WoT pumpkins, a good query

Posted by Unrepentant Escapist

November 8, 2010 -- 2:50 p.m.

Love these Wheel of Time pumpkins by LynnKitty (from Brandon Sanderson's Tweet page). Very well carved!

In other news, it's NaNoWriMo (National Novel Writing Month). I'm not participating because I'm in the middle of the book which is the trickiest part so I don't mind if it goes a little slowly. But maybe I will next year.

There was a bit of a comment flurry on Evil Editor's page about writing query letters before your work is done. Personally, I always write my query before I'm done, sometimes before I start writing the book. It's a way of giving myself direction and nailing down the book's selling points/voice.

NOTE: I didn't say I sent the queries before I finished writing. I just have one for personal reference so every time I get yanked off on a subplot that doesn't matter, I can go back to the query and say, okay, am I taking away from these promises I've made in the query? Or does this entertaining tangent add and make the story better?

While query letter writing comes naturally to me--it involves the same skills I learned in journalism school--hook, summarize, explore consequences. In newspaper writing, we have a thing called "inverted pyramid" which means you have to pick the most important/interesting issue in whatever you're exploring and put that first, then sort all the other facts out also based on their importance/interest, with the goal being to NOT let the reader stop reading until they reach the end of the article (the least interesting part). But I think most people don't have that summarizing/sorting training, so that's why they have a hard time figuring out how to write a good query letter. Wow, I used far too many /'s in that paragraph.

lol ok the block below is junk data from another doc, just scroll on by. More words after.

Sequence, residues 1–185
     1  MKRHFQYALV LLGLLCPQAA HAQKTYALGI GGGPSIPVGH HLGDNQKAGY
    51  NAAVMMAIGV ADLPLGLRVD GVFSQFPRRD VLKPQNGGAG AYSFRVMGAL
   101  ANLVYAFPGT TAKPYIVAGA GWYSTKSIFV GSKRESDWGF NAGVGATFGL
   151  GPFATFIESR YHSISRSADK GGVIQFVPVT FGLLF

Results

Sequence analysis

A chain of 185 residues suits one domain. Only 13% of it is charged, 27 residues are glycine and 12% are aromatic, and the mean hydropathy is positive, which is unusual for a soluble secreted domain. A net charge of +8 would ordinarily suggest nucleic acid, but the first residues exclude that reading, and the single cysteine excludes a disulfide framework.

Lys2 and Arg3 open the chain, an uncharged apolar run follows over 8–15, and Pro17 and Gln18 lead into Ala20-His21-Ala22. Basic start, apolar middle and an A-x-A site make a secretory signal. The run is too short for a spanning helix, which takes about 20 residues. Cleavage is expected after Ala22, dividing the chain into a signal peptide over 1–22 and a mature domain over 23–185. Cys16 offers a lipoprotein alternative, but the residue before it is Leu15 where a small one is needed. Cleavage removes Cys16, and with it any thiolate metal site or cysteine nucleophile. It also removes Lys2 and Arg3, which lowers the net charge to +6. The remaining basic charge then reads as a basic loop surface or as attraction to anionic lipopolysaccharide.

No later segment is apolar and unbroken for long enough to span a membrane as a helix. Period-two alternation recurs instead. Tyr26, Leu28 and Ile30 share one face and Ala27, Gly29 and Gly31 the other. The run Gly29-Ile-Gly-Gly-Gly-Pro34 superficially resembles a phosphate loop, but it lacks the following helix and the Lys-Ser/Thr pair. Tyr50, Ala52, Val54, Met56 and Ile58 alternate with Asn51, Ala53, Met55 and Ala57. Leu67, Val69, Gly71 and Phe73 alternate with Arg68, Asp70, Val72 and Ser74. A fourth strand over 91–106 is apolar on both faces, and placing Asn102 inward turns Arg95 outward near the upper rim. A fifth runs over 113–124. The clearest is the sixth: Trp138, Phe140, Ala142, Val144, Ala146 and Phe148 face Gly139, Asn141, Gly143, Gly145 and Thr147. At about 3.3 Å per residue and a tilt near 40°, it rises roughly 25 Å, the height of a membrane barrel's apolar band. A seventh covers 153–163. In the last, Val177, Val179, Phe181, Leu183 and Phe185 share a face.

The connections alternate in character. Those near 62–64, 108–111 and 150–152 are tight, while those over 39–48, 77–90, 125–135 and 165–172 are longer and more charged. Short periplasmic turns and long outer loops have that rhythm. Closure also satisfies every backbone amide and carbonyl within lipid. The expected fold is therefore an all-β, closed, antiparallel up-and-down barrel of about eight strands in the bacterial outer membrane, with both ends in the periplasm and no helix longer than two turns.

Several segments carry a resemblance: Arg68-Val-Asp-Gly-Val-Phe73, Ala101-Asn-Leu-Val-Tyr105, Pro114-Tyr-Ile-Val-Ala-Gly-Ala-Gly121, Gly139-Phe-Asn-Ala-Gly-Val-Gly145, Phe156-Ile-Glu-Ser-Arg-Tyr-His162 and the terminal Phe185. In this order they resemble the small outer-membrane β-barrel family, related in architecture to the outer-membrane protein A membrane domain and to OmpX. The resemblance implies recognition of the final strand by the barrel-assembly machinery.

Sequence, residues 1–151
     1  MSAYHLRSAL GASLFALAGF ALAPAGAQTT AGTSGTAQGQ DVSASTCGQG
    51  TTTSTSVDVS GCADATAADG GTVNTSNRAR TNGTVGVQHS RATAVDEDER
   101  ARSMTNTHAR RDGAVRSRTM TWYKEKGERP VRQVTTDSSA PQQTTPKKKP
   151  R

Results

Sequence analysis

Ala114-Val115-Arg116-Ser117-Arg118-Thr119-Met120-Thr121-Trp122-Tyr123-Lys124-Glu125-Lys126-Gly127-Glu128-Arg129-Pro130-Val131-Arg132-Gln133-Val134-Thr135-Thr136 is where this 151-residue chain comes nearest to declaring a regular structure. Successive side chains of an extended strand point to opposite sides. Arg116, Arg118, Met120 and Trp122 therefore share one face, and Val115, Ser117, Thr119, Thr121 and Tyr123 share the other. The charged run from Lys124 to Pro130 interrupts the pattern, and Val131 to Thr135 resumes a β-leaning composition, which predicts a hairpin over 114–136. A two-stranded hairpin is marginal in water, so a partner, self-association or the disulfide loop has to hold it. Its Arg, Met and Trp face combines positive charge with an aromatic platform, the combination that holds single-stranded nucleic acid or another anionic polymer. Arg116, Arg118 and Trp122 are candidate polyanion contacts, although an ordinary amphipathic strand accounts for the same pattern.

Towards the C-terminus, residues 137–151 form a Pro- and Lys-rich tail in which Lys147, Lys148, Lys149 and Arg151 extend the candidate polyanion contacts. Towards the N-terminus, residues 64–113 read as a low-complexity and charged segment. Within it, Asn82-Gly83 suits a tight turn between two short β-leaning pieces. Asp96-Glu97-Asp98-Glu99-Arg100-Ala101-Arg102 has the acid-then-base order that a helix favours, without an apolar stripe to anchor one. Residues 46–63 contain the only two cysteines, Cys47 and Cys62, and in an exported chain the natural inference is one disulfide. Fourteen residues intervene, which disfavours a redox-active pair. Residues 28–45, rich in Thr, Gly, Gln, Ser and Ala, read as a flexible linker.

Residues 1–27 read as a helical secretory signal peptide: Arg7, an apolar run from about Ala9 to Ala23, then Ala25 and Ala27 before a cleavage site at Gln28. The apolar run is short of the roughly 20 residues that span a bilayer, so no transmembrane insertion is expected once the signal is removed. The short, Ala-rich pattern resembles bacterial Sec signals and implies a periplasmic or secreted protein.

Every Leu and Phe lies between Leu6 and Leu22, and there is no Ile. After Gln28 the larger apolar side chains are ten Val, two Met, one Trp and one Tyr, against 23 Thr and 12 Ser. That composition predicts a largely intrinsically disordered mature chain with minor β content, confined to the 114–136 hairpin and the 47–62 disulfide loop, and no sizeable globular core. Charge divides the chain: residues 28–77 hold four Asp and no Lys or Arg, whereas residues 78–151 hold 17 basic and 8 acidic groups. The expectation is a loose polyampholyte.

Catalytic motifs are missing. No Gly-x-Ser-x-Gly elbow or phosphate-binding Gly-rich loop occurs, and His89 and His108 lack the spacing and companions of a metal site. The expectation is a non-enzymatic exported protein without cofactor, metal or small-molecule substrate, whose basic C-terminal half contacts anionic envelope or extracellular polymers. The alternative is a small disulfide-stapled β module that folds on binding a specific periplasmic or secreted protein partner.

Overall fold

Anyway, the best example I think I've ever seen of turning a bad query into a stunningly good query is HERE. The transformation is incredible--one of these books sounds boring, and one of them I would yank off the shelf in a heartbeat. And she points out exactly what she did wrong at first--create a laundry list of plot points, without making them interesting to us. Most authors tell you that interest comes from conflict, which is true, but it also comes from caring about a character. As far as I've been able to see, most bad queries fall into two categories: Too much information about a character's background, and not enough about what they're doing, and too much information about plot, and nothing about why it should matter to us. I'm not going to link to examples of horrible queries because they might end up as big name authors and ridicule me one day, but I think if you go to Evil Editor's site, or read through the listings at Query Shark, you'll quickly see what I mean.

I had a dream three nights ago that I needed to make a change to my query for my fantasy novel. That it was crucial for me to add a third paragraph containing more plot information. And I knew exactly how to word it and everything. Unfortunately, when I woke up, I forgot everything. Since my query rate is 25% positive responses, I'm not sure if I should mess with a winning formula or not, but my subconscious insists on it, so perhaps I'll pull it out and look at it again.

Anyway, I'm not going to have a writing prompt, but you might want to try writing a query for your current project and see if it doesn't give you a clearer picture of your work. Plus, then you can sit on it for awhile and perfect it, while you're perfecting your manuscript. My query for Skin Farm was pretty stinky at first, but now I like it...even if it's probably too short on details. Because I'm definitely trying not to fall into the third query trap I didn't mention: Too much world background--a disease that strikes almost every fantasy writer at some time in their lives. Pity these poor creatures, for they know not the boredom they cause.


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